How to enable Cockpit on CentOS 8

CentOS 8 includes the powerful Cockpit admin tool. Learn how to enable and access it for easy OS management.

How to enable Cockpit on CentOS 8 CentOS 8 includes the powerful Cockpit admin tool. Learn how to enable and access it for easy OS management.

Cockpit is a powerful web-based GUI that allows admins to manage many aspects of their CentOS- or RHEL-based servers. Cockpit allows you to get a quick look at the system performance, view logs, manage storage, enable/disable firewall, configure various aspects of networking, create new user accounts, stop and start services, view SSH sessions, view diagnostic reports and kernel dumps, manage SELinux, update software, and access a terminal on the server. In other words, it's exactly what you need to manage your CentOS server.

With CentOS 7, you had to install Cockpit after the installation of the operating system. It wasn't a terribly challenging process, but it was yet another step you'd have to take to get your CentOS machine to a state where you didn't have to rely on secure shell and the command line to administer the platform--although every admin should be capable of doing just that.

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With the recent release of CentOS 8, Cockpit is installed by default. However, there is one caveat. Although Cockpit is installed out of the box, it is not enabled. So in order to access this fantastic tool, you must first enable it.

I'm going to show you how to enable Cockpit and then how to access it.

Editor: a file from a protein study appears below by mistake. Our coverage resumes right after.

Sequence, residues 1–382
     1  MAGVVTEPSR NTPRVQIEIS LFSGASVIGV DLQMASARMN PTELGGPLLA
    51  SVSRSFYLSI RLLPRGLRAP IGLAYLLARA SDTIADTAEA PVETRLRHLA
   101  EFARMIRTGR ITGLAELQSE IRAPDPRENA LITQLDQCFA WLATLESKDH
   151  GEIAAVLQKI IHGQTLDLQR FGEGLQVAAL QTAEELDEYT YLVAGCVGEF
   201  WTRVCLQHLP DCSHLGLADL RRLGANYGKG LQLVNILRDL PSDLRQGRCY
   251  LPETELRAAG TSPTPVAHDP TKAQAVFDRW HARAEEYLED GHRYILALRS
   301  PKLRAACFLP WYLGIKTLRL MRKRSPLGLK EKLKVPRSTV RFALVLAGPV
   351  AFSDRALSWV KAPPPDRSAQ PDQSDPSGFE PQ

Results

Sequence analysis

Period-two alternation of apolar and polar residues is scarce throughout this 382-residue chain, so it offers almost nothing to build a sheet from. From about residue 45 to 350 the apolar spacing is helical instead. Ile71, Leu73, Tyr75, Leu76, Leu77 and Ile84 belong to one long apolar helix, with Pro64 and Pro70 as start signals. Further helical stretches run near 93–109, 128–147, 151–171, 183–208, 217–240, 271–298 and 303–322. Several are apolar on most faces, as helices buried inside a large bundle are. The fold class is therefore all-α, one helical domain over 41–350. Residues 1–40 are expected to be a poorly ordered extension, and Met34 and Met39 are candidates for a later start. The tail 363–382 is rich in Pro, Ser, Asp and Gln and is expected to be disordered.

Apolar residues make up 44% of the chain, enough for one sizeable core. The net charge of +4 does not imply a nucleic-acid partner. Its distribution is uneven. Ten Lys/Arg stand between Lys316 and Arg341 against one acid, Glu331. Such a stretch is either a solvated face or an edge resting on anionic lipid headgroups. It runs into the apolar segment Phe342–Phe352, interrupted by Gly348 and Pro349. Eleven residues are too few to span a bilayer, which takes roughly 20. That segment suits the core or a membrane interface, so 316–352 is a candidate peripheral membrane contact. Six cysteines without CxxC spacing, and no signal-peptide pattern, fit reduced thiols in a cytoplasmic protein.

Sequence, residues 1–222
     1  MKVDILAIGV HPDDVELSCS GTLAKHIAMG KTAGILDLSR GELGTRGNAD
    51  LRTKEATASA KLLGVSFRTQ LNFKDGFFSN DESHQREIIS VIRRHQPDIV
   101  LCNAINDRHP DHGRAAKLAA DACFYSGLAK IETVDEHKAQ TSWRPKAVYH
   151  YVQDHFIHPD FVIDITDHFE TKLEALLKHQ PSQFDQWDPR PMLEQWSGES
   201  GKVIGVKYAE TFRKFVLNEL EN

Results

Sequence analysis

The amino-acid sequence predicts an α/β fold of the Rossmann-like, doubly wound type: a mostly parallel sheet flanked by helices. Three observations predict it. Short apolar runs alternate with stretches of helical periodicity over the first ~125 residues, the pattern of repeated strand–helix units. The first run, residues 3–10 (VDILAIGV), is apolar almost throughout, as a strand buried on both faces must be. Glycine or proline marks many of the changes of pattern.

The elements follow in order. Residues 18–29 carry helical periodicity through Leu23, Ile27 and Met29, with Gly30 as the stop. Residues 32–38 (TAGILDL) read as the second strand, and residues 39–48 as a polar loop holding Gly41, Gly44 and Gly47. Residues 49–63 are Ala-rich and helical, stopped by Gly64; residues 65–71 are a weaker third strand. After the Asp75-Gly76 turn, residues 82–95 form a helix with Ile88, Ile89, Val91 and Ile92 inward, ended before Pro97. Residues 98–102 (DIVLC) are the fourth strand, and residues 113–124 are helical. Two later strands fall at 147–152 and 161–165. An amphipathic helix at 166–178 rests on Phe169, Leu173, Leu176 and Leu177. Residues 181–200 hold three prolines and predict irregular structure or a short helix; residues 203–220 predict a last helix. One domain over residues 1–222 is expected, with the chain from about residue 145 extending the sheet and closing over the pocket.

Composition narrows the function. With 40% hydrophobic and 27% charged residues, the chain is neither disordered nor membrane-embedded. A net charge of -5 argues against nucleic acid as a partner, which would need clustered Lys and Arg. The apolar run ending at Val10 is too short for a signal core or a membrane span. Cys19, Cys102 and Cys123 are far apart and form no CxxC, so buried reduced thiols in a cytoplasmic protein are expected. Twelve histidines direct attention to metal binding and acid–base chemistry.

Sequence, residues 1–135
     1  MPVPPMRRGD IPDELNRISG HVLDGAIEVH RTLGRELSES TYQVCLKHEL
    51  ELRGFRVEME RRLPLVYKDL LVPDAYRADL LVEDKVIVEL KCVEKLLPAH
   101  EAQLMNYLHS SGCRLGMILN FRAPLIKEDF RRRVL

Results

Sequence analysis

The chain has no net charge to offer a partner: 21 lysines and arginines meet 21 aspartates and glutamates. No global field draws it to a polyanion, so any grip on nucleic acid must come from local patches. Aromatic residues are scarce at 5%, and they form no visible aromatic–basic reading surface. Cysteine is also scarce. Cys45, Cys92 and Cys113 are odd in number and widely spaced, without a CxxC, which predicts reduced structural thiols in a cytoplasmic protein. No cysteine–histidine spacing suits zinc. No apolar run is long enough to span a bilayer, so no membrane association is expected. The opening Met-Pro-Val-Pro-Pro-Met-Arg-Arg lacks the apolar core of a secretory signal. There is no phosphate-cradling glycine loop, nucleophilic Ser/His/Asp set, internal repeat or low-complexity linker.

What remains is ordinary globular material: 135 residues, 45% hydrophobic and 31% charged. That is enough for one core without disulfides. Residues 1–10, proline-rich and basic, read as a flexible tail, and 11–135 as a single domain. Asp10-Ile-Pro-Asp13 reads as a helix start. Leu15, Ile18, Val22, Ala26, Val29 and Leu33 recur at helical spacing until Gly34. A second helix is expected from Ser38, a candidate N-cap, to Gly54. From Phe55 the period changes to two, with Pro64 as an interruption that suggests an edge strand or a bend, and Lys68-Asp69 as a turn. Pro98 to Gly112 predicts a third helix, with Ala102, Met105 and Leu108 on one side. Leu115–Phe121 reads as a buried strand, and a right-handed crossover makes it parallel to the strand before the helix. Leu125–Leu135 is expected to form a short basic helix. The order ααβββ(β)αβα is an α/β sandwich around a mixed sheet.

What you'll need

The only things you'll need are a running instance of CentOS 8 and an account on the CentOS 8 installation which has sudo privileges.

How to enable Cockpit

In order to enable Cockpit, log onto your CentOS 8 server. From the terminal prompt, issue the command:

sudo systemctl enable --now cockpit.socket

You will be prompted for your sudo password. Once you've typed that password, hit Enter and Cockpit is enabled and ready to work.

How to access Cockpit

With Cockpit enabled, open a web browser on a machine that has access to the CentOS 8 server and point it to https://SERVER_IP:9090. You will then be prompted for admin credentials (Figure A).

Figure A

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Logging into Cockpit.

I highly recommend you not log in as the root user. Instead, make sure you log in with a different user account (one with admin privileges). If you've not created a user with admin privileges, go ahead and log in to Cockpit with the root account and then immediately go to Accounts and create a new user. The one caveat to creating a new user account with Cockpit is that you first must create the new account and then, once it's created, edit the account to give the user admin privileges (Figure B).

Figure B

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Granting admin privileges to an account.

Click the checkbox for Server Administrator. When that user logs out and logs back in, they will then be a member of the wheel group (which is the administrator group in CentOS). That user will now enjoy all the privileges of being an administrator. Use that login (instead of root) to work with Cockpit.

And that's all there is to enabling and accessing the Cockpit web-based GUI on CentOS 8. Enjoy having a user-friendly admin tool at your fingertips.

Also see

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Image: Jack Wallen